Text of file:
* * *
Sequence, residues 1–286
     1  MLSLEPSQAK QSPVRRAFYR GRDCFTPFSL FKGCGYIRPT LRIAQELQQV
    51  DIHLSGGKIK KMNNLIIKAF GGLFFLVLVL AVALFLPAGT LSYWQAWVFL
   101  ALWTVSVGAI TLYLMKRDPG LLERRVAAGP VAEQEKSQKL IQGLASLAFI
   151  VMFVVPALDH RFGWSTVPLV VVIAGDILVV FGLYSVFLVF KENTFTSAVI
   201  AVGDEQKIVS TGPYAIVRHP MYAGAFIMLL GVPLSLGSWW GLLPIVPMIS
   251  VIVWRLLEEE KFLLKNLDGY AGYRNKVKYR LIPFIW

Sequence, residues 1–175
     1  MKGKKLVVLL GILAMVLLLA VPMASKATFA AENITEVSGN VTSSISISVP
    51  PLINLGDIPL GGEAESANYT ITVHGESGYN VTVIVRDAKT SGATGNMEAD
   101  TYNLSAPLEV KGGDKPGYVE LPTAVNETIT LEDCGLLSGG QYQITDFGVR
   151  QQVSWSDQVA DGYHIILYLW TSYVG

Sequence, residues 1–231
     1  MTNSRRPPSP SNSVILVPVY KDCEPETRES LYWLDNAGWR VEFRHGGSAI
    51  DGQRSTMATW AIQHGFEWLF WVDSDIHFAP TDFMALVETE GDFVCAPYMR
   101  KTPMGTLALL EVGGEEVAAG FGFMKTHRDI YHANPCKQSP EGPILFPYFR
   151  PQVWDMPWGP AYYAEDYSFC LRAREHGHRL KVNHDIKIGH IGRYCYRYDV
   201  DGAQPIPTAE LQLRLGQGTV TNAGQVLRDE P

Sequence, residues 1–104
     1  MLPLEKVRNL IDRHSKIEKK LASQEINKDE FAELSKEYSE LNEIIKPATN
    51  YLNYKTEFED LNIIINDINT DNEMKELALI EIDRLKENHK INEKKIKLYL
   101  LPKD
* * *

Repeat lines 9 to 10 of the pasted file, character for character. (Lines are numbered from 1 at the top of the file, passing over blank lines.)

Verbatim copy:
     1  MKGKKLVVLL GILAMVLLLA VPMASKATFA AENITEVSGN VTSSISISVP
    51  PLINLGDIPL GGEAESANYT ITVHGESGYN VTVIVRDAKT SGATGNMEAD